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    Monday, February 26, 2024

    Schools need to ban cell phones

    Ask any parent about the time their kids spend on mobile devices, and you’ll likely hear the same refrain: It’s too much. Excessive use of smartphones and social media is linked to rising rates of teenage depression and self-harm, while also damaging students’ academic performance and exacerbating achievement gaps. At this point, the question isn’t whether phones should be banned from classrooms, but why more schools haven’t done so already.

    Evidence about the negative effects of mobile devices on learning is overwhelming. Large-scale international assessments have shown that anything beyond limited use of technology in the classroom harms academic performance. A 14-country study cited in a U.N. report this year found that merely being in proximity to smartphones disrupted learning for all ages, from preschool to college, with poorly performing students suffering the most.

    Prompted by findings like these — and common sense — the British government announced this month that it will instruct schools to prohibit the use of mobile phones during the school day. Other European countries, including the Netherlands and France, have imposed similar bans. Such policies can be challenging to enforce, but in places that have followed through the gains have been striking. Bans on phones in two regions in Spain improved math test scores by the equivalent of more than half a year’s learning.

    A 2022 analysis of more than 100 Norwegian middle schools found that banning phones boosted students’ grades and test scores and increased their likelihood of attending an advanced high school. It also yielded bigger academic improvements than far more expensive policies, such as reducing class sizes or putting more computers in schools.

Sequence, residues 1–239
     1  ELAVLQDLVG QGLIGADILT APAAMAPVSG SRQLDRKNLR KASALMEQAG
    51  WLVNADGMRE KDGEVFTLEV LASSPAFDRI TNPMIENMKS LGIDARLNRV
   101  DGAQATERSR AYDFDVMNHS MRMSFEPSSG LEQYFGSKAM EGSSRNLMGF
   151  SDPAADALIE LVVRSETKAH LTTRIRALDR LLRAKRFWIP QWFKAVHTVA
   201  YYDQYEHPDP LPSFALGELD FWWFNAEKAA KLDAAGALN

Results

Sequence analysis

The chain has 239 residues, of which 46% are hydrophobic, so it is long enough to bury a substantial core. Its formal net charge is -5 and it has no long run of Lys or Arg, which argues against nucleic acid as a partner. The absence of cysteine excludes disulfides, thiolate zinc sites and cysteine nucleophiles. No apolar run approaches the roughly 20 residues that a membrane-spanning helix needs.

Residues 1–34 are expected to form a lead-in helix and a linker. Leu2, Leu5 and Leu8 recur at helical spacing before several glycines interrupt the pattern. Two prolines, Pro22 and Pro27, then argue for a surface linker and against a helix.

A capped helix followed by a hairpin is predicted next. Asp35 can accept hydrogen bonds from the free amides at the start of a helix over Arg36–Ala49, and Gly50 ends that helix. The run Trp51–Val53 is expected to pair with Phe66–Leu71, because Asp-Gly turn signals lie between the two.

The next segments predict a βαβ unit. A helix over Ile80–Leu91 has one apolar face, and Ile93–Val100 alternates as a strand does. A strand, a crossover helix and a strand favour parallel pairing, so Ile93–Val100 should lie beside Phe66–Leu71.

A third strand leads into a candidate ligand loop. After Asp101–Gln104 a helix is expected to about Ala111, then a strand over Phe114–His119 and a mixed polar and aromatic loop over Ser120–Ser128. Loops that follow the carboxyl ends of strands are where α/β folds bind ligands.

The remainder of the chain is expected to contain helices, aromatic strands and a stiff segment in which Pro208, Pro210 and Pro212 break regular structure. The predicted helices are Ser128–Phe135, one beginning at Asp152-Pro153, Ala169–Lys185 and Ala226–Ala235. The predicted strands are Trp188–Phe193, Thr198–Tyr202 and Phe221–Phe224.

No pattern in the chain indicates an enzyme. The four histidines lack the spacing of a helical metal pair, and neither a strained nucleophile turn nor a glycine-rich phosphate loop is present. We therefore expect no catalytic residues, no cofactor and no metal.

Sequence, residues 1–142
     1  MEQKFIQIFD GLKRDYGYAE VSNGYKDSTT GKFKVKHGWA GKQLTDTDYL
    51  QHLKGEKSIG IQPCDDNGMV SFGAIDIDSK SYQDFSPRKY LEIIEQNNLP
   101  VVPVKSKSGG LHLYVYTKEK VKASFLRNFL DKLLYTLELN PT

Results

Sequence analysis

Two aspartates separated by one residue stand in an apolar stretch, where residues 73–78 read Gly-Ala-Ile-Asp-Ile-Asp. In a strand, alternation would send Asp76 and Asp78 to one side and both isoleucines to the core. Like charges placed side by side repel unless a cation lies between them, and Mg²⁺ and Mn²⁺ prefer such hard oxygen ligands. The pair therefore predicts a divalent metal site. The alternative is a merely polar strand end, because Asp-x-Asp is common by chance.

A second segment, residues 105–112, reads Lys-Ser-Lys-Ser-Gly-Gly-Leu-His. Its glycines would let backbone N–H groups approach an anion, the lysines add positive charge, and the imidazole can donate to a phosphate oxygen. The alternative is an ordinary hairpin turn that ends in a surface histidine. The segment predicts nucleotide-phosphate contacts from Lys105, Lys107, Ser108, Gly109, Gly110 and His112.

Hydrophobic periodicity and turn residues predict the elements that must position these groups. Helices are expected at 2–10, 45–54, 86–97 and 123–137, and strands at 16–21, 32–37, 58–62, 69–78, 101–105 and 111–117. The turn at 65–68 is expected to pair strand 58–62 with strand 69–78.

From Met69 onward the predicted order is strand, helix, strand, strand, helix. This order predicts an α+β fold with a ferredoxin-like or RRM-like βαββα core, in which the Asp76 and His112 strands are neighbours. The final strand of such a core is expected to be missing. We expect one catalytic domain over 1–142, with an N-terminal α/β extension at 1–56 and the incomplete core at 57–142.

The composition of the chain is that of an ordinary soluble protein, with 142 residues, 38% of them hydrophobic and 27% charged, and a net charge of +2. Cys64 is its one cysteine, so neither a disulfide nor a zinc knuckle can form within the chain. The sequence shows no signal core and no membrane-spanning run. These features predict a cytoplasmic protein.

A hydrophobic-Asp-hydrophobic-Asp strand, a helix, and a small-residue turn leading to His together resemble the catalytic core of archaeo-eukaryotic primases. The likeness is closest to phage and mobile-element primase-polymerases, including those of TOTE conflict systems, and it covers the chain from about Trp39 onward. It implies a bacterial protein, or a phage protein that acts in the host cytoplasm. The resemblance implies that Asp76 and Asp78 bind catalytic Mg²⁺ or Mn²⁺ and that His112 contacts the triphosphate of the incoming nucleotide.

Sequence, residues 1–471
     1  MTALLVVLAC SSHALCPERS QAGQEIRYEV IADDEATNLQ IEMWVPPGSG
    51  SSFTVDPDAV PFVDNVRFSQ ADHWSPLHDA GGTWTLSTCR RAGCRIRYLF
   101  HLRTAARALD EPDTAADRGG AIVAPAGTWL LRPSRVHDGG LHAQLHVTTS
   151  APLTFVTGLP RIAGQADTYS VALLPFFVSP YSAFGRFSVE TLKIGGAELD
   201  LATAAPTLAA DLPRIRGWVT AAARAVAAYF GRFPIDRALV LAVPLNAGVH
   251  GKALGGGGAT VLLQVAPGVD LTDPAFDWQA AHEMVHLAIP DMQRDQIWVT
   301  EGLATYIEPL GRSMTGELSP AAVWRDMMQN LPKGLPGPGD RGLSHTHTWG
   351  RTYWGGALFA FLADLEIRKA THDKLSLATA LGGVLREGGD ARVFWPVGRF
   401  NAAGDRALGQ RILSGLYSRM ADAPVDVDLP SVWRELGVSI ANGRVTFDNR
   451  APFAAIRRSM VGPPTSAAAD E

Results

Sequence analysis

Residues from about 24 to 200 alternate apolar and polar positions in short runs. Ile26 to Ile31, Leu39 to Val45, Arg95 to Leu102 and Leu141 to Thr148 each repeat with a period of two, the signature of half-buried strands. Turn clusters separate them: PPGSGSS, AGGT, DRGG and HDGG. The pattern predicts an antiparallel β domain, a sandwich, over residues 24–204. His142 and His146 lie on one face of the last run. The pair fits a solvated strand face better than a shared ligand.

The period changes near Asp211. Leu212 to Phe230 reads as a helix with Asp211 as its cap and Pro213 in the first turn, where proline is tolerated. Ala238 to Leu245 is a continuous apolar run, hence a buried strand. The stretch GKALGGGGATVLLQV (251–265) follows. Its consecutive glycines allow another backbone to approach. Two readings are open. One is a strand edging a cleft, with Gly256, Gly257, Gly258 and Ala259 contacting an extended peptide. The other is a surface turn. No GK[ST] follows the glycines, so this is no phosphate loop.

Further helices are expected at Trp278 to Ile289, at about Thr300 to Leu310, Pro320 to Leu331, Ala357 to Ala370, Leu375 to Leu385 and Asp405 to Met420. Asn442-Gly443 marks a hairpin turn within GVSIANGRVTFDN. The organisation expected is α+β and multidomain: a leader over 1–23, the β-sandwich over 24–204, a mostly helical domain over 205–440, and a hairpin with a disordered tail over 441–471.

Despite these clear benefits, U.S. schools seem to be moving in the wrong direction. As of 2020, 76% of public schools said that they prohibited the “non-academic” use of phones during school hours, down from more than 90% a decade earlier. By all indications, those restrictions are widely flouted. In response to a surge in smartphone use during the pandemic — fueled partly by misguided school closures — some districts appear to have abandoned even token efforts to keep devices out of kids’ hands. A survey released last month found that 97% of US adolescents say they use their devices during the school day, for a median of 43 minutes — with most of that time spent on social media, YouTube and video games.

    Arresting this trend is critical to helping students recover lost ground and avoid permanent blight to their careers and life prospects. European-style national bans would be unworkable in the U.S., where schools are controlled locally. But policy makers should emphasize the urgency of the issue. State legislatures should press schools to ban the use of phones for the duration of the school day, including during passing periods and recesses — and to confiscate them, if necessary. They should provide incentives to districts that demonstrate academic gains after imposing school-wide bans. They should also help schools pay for things like electronics-storage pouches and phone lockers.

    Schools will no doubt get an earful from parents who oppose such bans. While acknowledging legitimate anxieties — such as how to reach a student during a crisis — they should hold firm and explain that emergency-contact protocols are more than sufficient.

    It’s by now incontrovertible that, however essential to modern life, smartphones have no place in the classroom. The sooner schools remove them, the better off students will be.

    The Bloomberg Editorial Board publishes the views of the editors across a range of national and global affairs.

    ©2023 Bloomberg L.P. Visit bloomberg.com/opinion. Distributed by Tribune Content Agency, LLC.

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